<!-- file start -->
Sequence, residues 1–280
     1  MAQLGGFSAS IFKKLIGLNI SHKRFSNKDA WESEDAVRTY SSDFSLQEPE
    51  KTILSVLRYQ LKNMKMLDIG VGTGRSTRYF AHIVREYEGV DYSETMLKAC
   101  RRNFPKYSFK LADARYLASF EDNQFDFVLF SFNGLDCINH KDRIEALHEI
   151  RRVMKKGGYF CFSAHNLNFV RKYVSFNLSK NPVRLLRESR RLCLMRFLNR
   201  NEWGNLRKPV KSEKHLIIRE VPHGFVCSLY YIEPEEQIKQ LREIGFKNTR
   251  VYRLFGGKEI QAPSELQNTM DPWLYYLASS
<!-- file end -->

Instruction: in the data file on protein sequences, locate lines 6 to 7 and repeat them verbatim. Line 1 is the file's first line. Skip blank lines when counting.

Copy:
   201  NEWGNLRKPV KSEKHLIIRE VPHGFVCSLY YIEPEEQIKQ LREIGFKNTR
   251  VYRLFGGKEI QAPSELQNTM DPWLYYLASS